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Projecting Coors Field in 2007: Part 1

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Alright, this particular project is going to take a few posts, but it's something I've been meaning to do all offseason, anyway. The reason why is because a certain discrepancy I've been noticing with pre-season projections for the Rockies and my view of reality. Of course I'm a homer, and I expect the Rockies to do well, even when everybody else and their mother know that they won't, so it might be easy for you to just look the other way and say there goes silly Rox Girl blabbering away again, but hear me out for a second:

Check out this extremely early forecast using Sean Smith's CHONE projections again and notice the 2007 Rockies results:

66.5-95.5 740 RS, 900 RA

Alright, if this was a singularity, I wouldn't think anything of it. Several projection systems thought the Rockies would have a similar record last year, and of course they underestimated us by several wins. Only the 2006 ZiPS projection seemed to have us figured out, getting within four runs of our actual run scored total, and 33 of our runs allowed number. The latter discrepancy could almost entirely be explained away by ZiPS' missing Jason Jennings' breakout season, projecting him to have a 5.39 ERA last season.  

So what about ZiPS this year? Well, Dodger fan Xeifrank has been taking each NL West team's 2007 ZiPS projections and playing them against each other. His results really piqued my interest, and were probably the primary impetus of this. This is why: using these results, let's say we could clone our best starter, Aaron Cook. We'll make four more of him, and our rotation will consist of five Aarons. What's more, for some reason we're in a new league where we only play the Dodgers for 162 games. In this scenario, according to the sim, our rotation of five Aaron Cooks and our regular lineup would still only manage a 64-98 record against a regular Dodger rotation (Schmidt, Penny, Lowe, Wolf and Billingsley) and lineup.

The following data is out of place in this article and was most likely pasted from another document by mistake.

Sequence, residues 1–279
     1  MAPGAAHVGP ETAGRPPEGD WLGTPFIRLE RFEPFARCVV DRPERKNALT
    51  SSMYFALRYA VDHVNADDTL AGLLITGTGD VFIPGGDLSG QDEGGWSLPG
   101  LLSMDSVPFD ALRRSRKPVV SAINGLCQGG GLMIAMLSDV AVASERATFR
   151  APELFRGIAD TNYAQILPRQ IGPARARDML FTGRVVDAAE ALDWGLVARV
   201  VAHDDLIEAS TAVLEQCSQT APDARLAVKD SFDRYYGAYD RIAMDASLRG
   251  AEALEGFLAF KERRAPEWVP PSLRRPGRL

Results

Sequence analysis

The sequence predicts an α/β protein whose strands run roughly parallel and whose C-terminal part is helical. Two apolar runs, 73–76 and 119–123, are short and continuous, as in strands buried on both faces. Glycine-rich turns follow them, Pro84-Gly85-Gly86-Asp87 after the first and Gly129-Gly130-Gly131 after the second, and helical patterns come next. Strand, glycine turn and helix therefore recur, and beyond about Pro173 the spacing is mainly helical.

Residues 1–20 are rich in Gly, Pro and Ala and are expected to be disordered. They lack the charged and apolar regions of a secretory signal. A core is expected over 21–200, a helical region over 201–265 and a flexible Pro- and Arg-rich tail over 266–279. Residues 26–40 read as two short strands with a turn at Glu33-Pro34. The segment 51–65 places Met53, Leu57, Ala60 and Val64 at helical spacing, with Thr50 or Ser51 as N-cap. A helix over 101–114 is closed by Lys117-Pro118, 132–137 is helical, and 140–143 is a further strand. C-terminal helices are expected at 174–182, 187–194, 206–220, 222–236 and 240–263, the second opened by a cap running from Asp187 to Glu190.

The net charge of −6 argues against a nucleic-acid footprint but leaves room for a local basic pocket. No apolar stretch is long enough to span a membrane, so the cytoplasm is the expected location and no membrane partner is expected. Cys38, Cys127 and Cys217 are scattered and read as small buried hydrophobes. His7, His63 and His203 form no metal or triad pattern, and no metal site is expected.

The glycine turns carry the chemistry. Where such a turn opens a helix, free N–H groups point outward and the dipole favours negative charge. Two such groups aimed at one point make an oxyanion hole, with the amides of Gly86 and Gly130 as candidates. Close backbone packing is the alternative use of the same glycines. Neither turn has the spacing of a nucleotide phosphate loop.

Our record in the sim doesn't get any better if you substitute another one of our starters (and his clones) for Cook. Before we go further, let me just say that I can accept that the Dodgers have a better team than the Rockies this season, but are they really that much better that they can beat our best pitcher 60% of the time? Cook, remember, has been a top 30 starter in baseball over the last season and a half. He's actually been remarkably consistent since returning from going down with blood clots in his lungs in 2004 with an RA+ in 115 range. This shouldn't be a 60% loser, even to a rotation as stacked as the Dodgers is, particularly when you consider the strength of our lineup.